RCMP report on missing, murdered aboriginal women looks at family violence

Updated findings on murdered and missing aboriginal women released by the Mounties on Friday include data which indicate there is a strong connection between homicides and family violence.

OTTAWA — Updated findings on murdered and missing aboriginal women released by the Mounties on Friday include data which indicate there is a strong connection between homicides and family violence.

The Mounties said female victims, regardless of ethnicity, are most frequently killed by men within their own homes and communities.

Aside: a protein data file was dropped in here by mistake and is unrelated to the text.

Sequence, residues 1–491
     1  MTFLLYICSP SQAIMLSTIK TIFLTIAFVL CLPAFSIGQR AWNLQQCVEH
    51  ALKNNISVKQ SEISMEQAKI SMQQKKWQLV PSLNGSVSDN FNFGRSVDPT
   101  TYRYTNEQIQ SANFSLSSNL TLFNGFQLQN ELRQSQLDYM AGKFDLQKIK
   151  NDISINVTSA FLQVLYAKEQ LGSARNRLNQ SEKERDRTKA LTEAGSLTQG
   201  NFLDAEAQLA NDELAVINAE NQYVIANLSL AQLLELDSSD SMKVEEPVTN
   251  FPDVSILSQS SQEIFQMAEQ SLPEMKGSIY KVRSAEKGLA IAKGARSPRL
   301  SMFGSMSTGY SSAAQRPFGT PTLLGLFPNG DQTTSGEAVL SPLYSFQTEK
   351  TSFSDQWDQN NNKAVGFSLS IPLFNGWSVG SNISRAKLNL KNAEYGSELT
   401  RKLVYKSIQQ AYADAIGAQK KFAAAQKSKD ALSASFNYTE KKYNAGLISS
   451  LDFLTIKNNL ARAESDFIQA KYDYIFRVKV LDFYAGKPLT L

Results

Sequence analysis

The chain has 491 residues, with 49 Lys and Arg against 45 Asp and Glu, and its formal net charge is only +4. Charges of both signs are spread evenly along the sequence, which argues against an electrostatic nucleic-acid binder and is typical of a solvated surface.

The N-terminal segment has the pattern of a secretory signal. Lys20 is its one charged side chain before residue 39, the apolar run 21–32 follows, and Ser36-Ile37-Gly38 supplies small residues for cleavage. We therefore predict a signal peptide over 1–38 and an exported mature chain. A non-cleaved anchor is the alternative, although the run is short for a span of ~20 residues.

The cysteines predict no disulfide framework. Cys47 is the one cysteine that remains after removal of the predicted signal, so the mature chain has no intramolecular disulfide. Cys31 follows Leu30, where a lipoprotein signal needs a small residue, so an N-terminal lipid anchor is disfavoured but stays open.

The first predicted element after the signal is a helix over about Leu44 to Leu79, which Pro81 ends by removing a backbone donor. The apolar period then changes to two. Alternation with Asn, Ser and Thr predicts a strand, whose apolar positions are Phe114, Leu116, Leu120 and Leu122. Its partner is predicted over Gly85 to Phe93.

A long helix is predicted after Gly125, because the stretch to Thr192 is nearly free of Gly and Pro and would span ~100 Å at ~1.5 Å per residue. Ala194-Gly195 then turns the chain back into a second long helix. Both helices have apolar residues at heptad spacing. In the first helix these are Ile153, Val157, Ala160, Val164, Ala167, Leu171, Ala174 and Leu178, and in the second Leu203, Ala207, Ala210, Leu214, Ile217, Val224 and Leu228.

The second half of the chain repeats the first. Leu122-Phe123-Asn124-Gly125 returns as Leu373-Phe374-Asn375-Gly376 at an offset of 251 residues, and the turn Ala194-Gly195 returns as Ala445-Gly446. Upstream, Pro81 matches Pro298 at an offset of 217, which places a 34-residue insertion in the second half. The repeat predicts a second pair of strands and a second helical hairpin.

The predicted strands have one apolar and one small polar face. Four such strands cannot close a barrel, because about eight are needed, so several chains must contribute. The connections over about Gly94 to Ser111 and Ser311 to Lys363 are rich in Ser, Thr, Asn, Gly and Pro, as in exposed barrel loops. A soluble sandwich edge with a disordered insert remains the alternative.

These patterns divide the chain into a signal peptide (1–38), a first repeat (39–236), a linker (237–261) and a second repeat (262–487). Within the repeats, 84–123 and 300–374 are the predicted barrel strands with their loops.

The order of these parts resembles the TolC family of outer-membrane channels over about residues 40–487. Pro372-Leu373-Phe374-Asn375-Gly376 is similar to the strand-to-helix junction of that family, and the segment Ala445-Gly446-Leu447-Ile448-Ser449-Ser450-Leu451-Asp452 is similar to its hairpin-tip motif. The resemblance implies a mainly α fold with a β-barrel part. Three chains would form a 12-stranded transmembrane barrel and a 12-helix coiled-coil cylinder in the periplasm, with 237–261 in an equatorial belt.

“There is an unmistakable connection between homicide and family violence,” RCMP deputy commissioner Janice Armstrong said. “Aboriginal women continue to be most frequently killed by men they know.”

The RCMP data show that homicides of aboriginal women are solved in 81 per cent of cases, similar to the 83 per cent solution rate for killings of non-aboriginal women.

The force said its review reaffirms that prevention efforts need to address family violence.

“The frequency of violence against aboriginal women is alarming,” said RCMP Supt. Tyler Bates. “It matters not where they are being killed within their homes, within their communities, we have an obligation to solve these outstanding occurrences.’

The update follows a report last year on missing and murdered aboriginal women which said there were 1,181 cases of missing and murdered aboriginal women between 1980 and 2012.

The RCMP says 11 additional aboriginal women have gone missing since the 2014 report.

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